Billy 2.0 – ACTIVATE!

Spit it like Beckham

A month since the operation, and I feel fine. There is however one unfortunate side effect which I need to share with you.

I can’t blow my nose properly.

If I sneeze with my mouth closed, or blow my nose REALLY REALLY HARD, I feel this sudden POP under the skin of my skull covering the implant, like a bit of air’s escaped and has momentarily inflated the skin like a comedy balloon.

It feels… unpleasant. Continue reading “Billy 2.0 – ACTIVATE!”

Lord Jack Ashley of Stoke: The Measure of the Man

Lord Jack Ashley of Stoke, courtesy of Rex Features

F Scott Fitzgerald once wrote: ‘There are no second acts in American lives.”

He never met Jack Ashley, an Englishman who had a second, third, fourth, even fifth act in his life. He was a man who came from a Widnes slum to sitting in the House of Lords. It was a life very well lived, right up until he passed away earlier this year.

Continue reading “Lord Jack Ashley of Stoke: The Measure of the Man”

Billy 2.0 – One Week After the Operation

The inside of William Mager's head

A week after my operation I went back to the hospital. They took the dressings off, did an X-ray and told me I was allowed to wash all the matted blood and dried gunk out of my hair at last. They’ve given me a list of dates from now until March when I’ll have to go into hospital for various switch ons, tune ups and therapy sessions.

Now I’m sitting here looking at an X-ray of my cochlear implant inside my head.

Continue reading “Billy 2.0 – One Week After the Operation”

Billy 2.0 – The Elephant in the Room

The Elephant in the Room by Banksy

It’s time we talked about the elephant in the room. I believe there are people out there who don’t agree with my decision to have a cochlear implant.

It’s been interesting to see people’s reactions when I tell them I’m having a bionic ear put in. The looks of mild disappointment, the tacit silences, noncommital shrugs, mutterings of ‘It’s your decision’.

That reaction is mostly from my Deaf friends.

Continue reading “Billy 2.0 – The Elephant in the Room”

Why I haven’t used crowdfunding to pay for my next film… yet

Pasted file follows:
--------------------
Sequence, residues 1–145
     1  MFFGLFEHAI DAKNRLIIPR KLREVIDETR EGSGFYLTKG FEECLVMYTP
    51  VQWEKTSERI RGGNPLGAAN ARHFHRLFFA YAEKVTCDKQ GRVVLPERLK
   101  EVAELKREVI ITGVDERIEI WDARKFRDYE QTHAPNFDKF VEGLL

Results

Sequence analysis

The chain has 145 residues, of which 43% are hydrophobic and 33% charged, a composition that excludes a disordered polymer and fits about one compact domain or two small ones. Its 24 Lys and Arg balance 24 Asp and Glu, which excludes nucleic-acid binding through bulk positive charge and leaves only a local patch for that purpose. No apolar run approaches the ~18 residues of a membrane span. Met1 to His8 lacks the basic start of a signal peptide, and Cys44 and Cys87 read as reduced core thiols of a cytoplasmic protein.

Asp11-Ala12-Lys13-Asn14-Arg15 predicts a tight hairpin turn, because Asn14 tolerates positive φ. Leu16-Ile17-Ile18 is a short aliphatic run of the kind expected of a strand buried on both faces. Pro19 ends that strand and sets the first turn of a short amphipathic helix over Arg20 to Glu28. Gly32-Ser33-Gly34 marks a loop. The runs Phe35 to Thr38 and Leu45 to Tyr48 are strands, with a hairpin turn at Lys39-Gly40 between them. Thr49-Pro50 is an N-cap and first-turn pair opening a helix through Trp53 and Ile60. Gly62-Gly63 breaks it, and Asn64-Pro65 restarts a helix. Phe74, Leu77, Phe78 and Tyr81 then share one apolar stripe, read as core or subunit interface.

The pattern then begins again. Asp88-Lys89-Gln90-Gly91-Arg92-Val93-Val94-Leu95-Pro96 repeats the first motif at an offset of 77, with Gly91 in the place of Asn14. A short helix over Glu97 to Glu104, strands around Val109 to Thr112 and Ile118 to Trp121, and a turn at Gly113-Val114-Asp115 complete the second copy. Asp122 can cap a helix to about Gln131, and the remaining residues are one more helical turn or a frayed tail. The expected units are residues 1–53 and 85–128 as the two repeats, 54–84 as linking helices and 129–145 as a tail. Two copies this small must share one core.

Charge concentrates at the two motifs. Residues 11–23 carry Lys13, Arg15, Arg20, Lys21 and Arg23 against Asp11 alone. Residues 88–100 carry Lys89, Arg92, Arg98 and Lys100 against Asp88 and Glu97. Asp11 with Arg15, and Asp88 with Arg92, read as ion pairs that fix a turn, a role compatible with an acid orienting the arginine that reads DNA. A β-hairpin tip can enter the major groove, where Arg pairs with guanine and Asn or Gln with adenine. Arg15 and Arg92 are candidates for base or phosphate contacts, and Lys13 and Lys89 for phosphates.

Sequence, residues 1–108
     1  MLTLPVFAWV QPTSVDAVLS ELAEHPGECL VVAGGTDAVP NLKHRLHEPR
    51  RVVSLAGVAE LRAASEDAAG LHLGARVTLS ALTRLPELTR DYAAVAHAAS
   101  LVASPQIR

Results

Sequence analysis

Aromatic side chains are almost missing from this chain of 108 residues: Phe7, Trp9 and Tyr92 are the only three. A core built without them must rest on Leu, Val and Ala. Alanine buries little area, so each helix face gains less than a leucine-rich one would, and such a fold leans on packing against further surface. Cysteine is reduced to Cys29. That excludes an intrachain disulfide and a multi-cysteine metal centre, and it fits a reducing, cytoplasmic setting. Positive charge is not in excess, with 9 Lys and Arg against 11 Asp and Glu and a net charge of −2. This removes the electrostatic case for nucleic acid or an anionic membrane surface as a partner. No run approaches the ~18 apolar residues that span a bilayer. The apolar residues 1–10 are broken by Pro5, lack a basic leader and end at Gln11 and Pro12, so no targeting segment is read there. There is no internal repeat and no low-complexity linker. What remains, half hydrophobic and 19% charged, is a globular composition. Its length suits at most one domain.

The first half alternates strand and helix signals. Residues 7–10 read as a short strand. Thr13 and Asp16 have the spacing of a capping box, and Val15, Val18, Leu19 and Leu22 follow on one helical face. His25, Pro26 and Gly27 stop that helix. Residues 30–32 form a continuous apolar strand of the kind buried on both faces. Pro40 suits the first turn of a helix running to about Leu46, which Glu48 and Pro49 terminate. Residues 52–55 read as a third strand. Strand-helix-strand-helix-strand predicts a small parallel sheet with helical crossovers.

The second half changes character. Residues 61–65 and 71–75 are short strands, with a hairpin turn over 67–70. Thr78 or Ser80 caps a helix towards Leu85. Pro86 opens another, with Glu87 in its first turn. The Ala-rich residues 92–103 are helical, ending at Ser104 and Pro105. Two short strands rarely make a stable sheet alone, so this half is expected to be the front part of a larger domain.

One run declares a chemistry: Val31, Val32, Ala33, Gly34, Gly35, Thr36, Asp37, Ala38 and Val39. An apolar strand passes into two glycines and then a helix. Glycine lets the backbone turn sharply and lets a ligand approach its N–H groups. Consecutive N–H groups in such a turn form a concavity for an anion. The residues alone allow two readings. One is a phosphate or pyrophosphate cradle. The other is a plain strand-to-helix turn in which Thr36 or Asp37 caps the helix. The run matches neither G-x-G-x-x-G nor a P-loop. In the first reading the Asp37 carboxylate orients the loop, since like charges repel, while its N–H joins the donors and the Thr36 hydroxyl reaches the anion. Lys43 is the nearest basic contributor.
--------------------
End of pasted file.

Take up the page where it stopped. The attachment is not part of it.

Image courtesy of

I’ve been lucky enough to get money from various people – The BBC, Channel 4, the NDCS, Jack Ashley, the UK Film Council, Film London and BSLZone – to make various films over the years. I’ve never had to resort to writing letters asking for loans (OK, just the once, and I paid him back) or using crowdfunding websites like Kickstarter and Indiegogo. With Kickstarter about to launch in the UK this month, the opportunities for getting people to pay you to make a movie are better than ever.

Making a feature film is the long term goal. I have a shortlist of about five story ideas that could be made on a low budget, which – with the right actors – could even end up on supermarket shelves for £5.97. Each of these ideas are in various stages, some more advanced than others. But how to finance a feature? I could do a Kevin Smith and pay for it by credit card, but all my cards are maxed out. I could do a Truffaut and get a dentist to raise my money for me, but I don’t know any dentists. I’ve thought about asking the BFI for some development money, but the application form looks like a nightmare.

That leaves me with crowdfunding, which seems to be the platform of choice for getting film projects off the ground. So why haven’t I used a crowdfunding site to launch a low budget feature film project?

Continue reading “Why I haven’t used crowdfunding to pay for my next film… yet”